• A really poorly-paid doctor with few assets and a large family (although note you don’t get to subtract YOUR student loans from your investments)
  • Many kids in school at once
  • Kids in college AFTER you retire on a fraction of your prior income

Twelve Potential Techniques For Exceptions and Lower Earners

As you can see, your high income dramatically simplifies this process (by allowing you to mostly ignore it.) But I thought it might be fun to illustrate some of the techniques that lower earners can use to maximize the potential for creating a large gap between the COA and the EFC.

Moraine Lake, Banff. Photo not retouched, the water really is that color due to glacial sediment

Moraine Lake, Banff. Photo not retouched, the water really is that color due to glacial sediment

# 1 Max Out Retirement Accounts

This one helps you in two ways on the FAFSA- it lowers your AGI and the assets don’t count against you.

# 2 Max out the HSA

While this still counts as income, once it is in there it doesn’t count as an asset

# 3 Grandparent 529s

The parent’s assets and the child’s assets count against you, but the grandparent’s don’t. Distributions from the grandparent’s 529 does count as income the next year, however. The workaround? Have the grandparent 529 pay for the last year of college. (Actually, with recent changes, the grandparent’s 529 can be used for both Junior and Senior years.)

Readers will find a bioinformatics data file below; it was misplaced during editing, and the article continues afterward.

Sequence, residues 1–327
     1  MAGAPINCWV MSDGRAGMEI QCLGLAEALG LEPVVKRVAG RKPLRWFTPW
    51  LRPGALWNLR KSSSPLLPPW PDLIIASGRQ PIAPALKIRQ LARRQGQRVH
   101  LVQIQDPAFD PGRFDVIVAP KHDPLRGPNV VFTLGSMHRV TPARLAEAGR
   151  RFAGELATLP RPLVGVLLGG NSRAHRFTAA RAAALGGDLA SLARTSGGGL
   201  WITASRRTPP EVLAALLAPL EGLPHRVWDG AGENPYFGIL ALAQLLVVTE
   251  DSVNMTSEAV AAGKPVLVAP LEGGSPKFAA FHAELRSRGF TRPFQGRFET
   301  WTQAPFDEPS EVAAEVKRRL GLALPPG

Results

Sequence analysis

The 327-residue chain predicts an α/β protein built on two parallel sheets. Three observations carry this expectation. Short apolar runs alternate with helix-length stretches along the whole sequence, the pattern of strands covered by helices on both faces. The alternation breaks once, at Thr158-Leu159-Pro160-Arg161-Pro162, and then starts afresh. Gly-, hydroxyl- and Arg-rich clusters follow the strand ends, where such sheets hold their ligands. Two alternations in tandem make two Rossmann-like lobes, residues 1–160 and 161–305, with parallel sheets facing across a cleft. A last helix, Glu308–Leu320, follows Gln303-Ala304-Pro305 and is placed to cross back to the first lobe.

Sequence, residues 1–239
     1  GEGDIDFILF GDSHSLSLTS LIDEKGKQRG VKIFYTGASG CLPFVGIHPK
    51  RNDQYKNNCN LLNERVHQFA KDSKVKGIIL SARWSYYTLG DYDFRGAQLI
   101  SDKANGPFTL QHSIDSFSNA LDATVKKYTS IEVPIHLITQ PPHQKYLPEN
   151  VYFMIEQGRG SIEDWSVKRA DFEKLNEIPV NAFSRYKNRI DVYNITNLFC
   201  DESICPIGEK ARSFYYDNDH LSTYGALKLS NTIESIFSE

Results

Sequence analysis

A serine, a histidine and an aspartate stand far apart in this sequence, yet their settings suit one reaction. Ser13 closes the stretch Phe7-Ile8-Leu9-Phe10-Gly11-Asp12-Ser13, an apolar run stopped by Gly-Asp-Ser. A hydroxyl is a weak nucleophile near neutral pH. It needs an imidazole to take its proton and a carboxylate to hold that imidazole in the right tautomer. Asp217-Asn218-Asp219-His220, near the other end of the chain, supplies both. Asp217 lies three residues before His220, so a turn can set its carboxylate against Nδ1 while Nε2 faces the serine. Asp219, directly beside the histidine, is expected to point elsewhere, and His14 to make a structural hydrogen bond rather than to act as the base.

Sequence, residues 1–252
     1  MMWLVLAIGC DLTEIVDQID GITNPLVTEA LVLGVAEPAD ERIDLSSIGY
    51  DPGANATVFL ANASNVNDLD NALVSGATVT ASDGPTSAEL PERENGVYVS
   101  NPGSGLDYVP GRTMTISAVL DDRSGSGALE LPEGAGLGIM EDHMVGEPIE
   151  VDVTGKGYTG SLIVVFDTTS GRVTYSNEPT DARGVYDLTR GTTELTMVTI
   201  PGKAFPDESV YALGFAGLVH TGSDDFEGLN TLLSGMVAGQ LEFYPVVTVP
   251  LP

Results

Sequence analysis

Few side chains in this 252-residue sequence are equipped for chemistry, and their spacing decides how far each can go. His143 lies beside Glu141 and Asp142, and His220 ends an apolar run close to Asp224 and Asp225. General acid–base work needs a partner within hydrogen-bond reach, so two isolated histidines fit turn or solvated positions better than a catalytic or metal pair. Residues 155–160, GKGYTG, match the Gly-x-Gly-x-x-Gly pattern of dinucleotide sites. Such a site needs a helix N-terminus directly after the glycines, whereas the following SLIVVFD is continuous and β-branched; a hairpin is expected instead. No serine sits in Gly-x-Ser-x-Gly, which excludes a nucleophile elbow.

# 4 Bunching

If retired, you can take a double distribution from a Roth IRA (or any retirement account really) one year and then take none the next year, which could potentially make the COA-EFC gap larger. Just like with your taxes, you can bunch income or deductions in unique ways to try to minimize your tax burden and EFC.

# 5 Move Cash and Taxable Assets into Annuities and Life Insurance

I see more downsides than upsides to this one, but it is a potential technique. Perhaps if you were going to buy a 5 year deferred income annuity anyway similar to how many use a SPIA.

# 6 Pay for college with loans against your assets

You can borrow against your house, your life insurance, or your investments and none of it counts as income.

# 7 Get More Kids Into College At Once

One child could delay his enrollment by a year, or another could take summer classes, or graduate from high school early etc.

# 8 Get Kids Independent

Military service, early marriage, having a child, grad school- it all makes the student independent and parental assets no longer count.

# 9 Have Your Child Save In A 529 Instead of an UGMA

529s count as parental assets, but an UGMA is the kid’s, and subject to the higher percentage multiple (~4 times higher).

# 10 Get Rid of Your Cash

Buy stuff, pay down the mortgage, pay off your student loans, make your retirement contributions early, whatever. The less you have, the less that goes into the calculation.

# 11 Hold Earnings in a C Corp

C corporations can retain earnings. I don’t generally recommend docs use these, since it causes double taxation, but it does allow you to delay income until after the kids finish college.

# 12 Make the Custodial Parent the Poor One

After divorce, only the custodial parent’s assets are taken into account. So have the custodial parent take the house and larger retirement account, while the non-custodial parent gets the larger taxable account.

This post is getting long enough. Time to cut it off. What do you think? Do you expect to see a gap between your EFC and COA? Why or why not? Did your kids receive any aid? How are you saving for college? Are you doing any financial aid planning whatsoever? What financial aid hacks did I miss? Comment below!